US 2917435 A
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U i ed w Pa 0 2,917,435 PREPARATION OF Z-KETO-l-GULONIC ACID BY PSEUDOMONAS AERUGINOSA David Perlman, Princeton, NJ., assignor to Olin Mathie son Chemical Corporation, New York, N.Y., a cor-po ration of Virginia No Drawing. Application September 27, 1956 Serial No. 612,360
2 Claims. (Cl. 195-30) This invention is concerned with the preparation of 2-keto-1-gulonic acid, an intermediate in the synthesis of ascorbic acid. More specifically, it is concerned with the preparation of this compound by subjecting a watersoluble l-gulonate to the oxidizing system produced by Pseudomonas aeruginosa when grown under aerobic conditions on sterile nutrient medium.
The organism Pseudomonas aeruginasa is described in Bergeys Manual of Determinative Bacteriology, 6th edition. Its cultural characteristics and standard test results are there described. A living culture of this organism may be obtained from the culture collection of the Fermentation Division, Northern Utilization Research Branch, U.S. Department of Agriculture, Peoria, Illinois, where it is identified as number NRRL B-23.
The preparation of Z-keto-l-gulonic acid by subjecting the l-gulonate to the oxidizing system produced by Pseudomonas aeruginosa may be carried out in any of several ways. For example, the organism may be grown under aerobic conditions on an otherwise sterile nutrient medium containing the gulonate. Alternatively, the lgulonate may be added to such a medium in which growth has been established. The conversion may also be carried out by subjecting the l-gulonate to the action of a suspension of cells so grown, or of a cell-free broth in which the organism has been grown. The organism may also be grown on an otherwise sterile, solid or semi-solid nutrient medium, an extract of which may be used to carry out the conversion. All of these alternatives are included in the expression subjecting to the oxidizing system produced by cultivating Pseudomonas aeruginosa under aerobic conditions on an otherwise sterile nutrient medium.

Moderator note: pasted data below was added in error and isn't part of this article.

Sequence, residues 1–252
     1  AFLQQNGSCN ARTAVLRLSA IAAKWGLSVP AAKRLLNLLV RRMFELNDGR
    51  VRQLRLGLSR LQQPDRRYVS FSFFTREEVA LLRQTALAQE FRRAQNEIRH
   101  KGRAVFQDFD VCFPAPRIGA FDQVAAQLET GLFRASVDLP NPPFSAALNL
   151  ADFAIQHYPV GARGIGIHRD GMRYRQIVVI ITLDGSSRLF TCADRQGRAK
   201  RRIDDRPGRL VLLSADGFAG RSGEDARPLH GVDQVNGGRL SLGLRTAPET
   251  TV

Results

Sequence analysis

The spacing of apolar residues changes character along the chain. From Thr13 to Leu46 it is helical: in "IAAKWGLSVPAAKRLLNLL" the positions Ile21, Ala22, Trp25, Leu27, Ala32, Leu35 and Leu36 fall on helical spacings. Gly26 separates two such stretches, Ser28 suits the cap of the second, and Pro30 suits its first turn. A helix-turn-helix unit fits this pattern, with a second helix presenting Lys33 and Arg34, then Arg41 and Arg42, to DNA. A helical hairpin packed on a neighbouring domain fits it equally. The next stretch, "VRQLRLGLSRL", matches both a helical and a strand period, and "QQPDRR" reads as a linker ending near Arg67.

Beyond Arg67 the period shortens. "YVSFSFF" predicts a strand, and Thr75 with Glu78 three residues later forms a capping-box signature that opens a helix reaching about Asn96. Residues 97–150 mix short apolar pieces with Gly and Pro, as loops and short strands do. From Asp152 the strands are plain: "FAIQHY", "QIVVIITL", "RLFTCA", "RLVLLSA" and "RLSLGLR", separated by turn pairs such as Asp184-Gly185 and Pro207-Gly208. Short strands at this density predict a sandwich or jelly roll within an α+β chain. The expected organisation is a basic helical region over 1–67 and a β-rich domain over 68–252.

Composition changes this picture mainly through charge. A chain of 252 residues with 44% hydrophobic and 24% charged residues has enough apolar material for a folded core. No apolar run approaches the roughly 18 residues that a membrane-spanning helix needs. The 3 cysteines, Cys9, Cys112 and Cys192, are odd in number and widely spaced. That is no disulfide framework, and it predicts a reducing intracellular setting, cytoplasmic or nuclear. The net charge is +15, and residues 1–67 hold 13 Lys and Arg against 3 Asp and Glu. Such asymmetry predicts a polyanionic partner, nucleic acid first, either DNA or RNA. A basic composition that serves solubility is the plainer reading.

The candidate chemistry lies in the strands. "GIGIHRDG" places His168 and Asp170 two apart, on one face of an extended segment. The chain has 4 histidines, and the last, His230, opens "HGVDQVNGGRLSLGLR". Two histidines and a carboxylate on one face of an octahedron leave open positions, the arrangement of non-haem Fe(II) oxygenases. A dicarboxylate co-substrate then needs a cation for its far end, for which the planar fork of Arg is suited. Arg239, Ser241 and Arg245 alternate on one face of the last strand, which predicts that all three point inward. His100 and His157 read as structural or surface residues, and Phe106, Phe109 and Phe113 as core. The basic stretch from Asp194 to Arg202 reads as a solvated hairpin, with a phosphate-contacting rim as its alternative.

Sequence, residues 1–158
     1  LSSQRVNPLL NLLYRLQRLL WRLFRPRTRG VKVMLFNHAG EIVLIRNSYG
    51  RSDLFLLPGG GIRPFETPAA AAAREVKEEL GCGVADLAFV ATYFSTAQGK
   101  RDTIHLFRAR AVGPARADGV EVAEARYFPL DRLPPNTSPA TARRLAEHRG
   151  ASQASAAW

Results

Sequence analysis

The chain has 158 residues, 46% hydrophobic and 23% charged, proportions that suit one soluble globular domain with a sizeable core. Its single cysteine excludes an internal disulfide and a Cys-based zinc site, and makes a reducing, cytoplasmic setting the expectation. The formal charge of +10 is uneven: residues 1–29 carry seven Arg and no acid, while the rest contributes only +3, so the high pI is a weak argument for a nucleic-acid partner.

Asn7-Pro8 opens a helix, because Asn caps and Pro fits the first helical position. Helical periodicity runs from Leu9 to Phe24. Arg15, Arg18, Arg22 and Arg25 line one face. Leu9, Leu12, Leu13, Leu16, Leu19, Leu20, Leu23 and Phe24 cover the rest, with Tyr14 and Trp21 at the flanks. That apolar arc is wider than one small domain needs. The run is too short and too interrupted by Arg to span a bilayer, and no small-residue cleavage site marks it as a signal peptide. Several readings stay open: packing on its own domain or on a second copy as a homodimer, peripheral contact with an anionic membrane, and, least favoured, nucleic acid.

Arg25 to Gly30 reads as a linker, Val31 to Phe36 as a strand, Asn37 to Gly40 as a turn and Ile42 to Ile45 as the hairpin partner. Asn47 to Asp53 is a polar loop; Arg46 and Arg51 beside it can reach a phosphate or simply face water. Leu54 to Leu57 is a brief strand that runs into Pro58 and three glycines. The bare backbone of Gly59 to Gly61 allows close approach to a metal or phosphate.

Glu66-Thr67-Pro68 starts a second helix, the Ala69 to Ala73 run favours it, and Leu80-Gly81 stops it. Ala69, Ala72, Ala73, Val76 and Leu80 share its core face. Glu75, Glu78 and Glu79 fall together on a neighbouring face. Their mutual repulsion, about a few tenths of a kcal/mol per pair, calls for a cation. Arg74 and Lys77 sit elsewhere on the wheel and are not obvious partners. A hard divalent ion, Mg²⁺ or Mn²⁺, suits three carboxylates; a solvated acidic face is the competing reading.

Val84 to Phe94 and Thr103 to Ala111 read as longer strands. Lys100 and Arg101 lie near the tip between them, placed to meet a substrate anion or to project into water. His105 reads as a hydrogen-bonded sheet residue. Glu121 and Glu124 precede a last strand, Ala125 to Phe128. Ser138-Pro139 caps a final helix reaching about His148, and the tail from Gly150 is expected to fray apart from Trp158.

The organism Pseudomonas aeruginosa may readily be grown on standard nutrient media used for the cultivation and study of bacteria, of which examples are given in the aforementioned Bergeys Manual. For the purpose of preparing Z-keto-l-gulonic acid, however, it is necessary that the organism be grown on a nutrient medium which contains some water-soluble l-gulonate. To illustrate, a liquid nutrient medium containing a source of carbohydrate such as dextrose, or glycerol inorganic salts such as potassium phosphate and magnesium sulfate, 2. protein source such as peptone, growth promoting substances such as yeast extract, and l-gulonic lactone may be used. After the organism has become acclimated to the medium, it is not necessary to include an accessory carbohydrate source such as the dextrose used in the above illustration.
Among the utilizable water-soluble l-gulonates are lgulonic acid, salts thereof such as the sodium, ammonium calcium salts, and (preferably) l-gulonic lactone.
When the organism has become established and adapted to the medium which contains no accessory carbohydrate source, it may be transferred into another-such medium containing a water-soluble l-gulonate without loss of the ability to produce Z-keto-l-gulonic acid. Growth of the organism on a medium containing l-gulonic lactone ice tends to facilitate the propagation of a strain having the desired characteristics.
A method of carrying out the preparation of 2-keto l-gulonic acid is illustrated by the following outline of such a procedure. A liquid nutrient medium containing inorganic salts and a source of nitrogen is charged with l-gulonic lactone and sterilized by autoclaving. This medium is then inoculated with a liquid, l-gulonic lactone containing broth in which the Pseudomonas aeruginosa has beengrowing for about 48 hours.